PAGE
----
President Trump meets on health care issues with Republican senators, including Sen. Susan Collins of Maine, left, and Sen. Lisa Murkowski of Alaska, in the East Room of the White House in 2017. Associated Press file

When Donald Trump ran for president in 2016, U.S. Sen. Susan Collins of Maine refused to vote for him.

Denouncing him for mocking the vulnerable and attacking “ethnic and religious minorities,” she wrote in House Speaker Paul Ryan instead, a choice that did not even register in the final results since the Wisconsin Republicans had not registered as any sort of candidate in Maine.

But it appears Trump, unusually for him, is not holding a grudge.

U.S. Sen. Lindsey Graham issued a tweet recently hailing Collins, a four-term Republican, for showing “unbelievable courage” during the bitter confirmation fight last year surrounding U.S. Supreme Court Justice Brett Kavanaugh “and at other times when our country has needed a steady voice.”

“We need her to ensure a GOP majority in 2020,” Graham wrote, and urged his supporters to send money to Collins’ campaign.

Graham also linked to her recent reelection announcement.


On Monday evening, Trump retweeted Graham’s words and added a few of his own.

“I agree 100%!” Trump wrote.

It marks one of the few times Trump has directly praised Collins, who has proven a presidential ally on some key issues and a thorn in his side on others, especially in her 2017 vote to block repeal of the Affordable Care Act.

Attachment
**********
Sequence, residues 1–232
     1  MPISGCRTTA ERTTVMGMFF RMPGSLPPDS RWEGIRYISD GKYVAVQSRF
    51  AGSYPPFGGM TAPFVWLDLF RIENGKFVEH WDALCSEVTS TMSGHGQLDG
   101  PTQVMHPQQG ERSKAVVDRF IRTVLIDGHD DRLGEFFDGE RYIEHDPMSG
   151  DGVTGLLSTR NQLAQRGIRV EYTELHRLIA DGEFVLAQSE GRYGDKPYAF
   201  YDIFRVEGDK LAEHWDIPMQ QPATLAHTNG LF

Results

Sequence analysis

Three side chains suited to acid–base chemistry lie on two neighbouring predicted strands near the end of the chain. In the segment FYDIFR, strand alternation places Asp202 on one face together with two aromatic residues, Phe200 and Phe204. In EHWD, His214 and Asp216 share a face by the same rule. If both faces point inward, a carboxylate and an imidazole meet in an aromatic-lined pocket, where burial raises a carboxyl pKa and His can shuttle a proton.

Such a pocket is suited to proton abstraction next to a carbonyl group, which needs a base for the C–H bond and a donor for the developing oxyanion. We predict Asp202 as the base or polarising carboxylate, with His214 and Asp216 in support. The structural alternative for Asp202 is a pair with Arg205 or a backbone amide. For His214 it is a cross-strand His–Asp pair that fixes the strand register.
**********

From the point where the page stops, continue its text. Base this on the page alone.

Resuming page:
The day after her speech in favor of Kavanaugh in September 2018, Trump told reporters, “I thought that Susan was incredible yesterday.”

Collins has avoided saying anything about whether she will endorse Trump in 2020, focusing instead on what she perceives as the need to work with him on matters of national importance.

While she has not taken a stand on the presidential race next year — which is bound to have a major impact on her effort to win a fifth term — she also has not retracted any of the harsh comments she issued about Trump in a 2016 column in The Washington Post.


Collins has expressed distaste for Trump’s tweets on a number of occasions, occasionally denouncing some as over the line and sometimes simply wishing he would stop using the social media platform.

It is not clear whether Trump has ever referred to Collins so directly before on Twitter.

In 2018, he blasted a bipartisan immigration bill she cosponsored, claiming it would be “a total catastrophe” for the nation.

Generally, though, he has avoided mentioning her.

Trump has retweeted or touted U.S. Rep. Doug Collins, a Georgia Republican, dozens of times. The president has also assailed Gail Collins, a New York Times columnist, more often than he has ever referred to Maine’s senior senator.

One of the Democrats hoping to unseat Collins in Maine’s election next year, Betsy Sweet of Hallowell, wrote Tuesday on Twitter that Trump and Graham want Collins to return to the Senate in 2021 “because they know she’ll take the side of Republican special interests, not the people of Maine.”


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